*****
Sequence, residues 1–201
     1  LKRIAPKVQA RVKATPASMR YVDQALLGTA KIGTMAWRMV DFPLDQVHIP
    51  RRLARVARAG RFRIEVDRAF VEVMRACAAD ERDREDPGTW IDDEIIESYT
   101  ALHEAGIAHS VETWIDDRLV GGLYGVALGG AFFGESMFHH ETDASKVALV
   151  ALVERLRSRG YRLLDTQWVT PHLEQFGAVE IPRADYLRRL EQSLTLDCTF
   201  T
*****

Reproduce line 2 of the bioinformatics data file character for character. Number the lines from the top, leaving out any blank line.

     1  LKRIAPKVQA RVKATPASMR YVDQALLGTA KIGTMAWRMV DFPLDQVHIP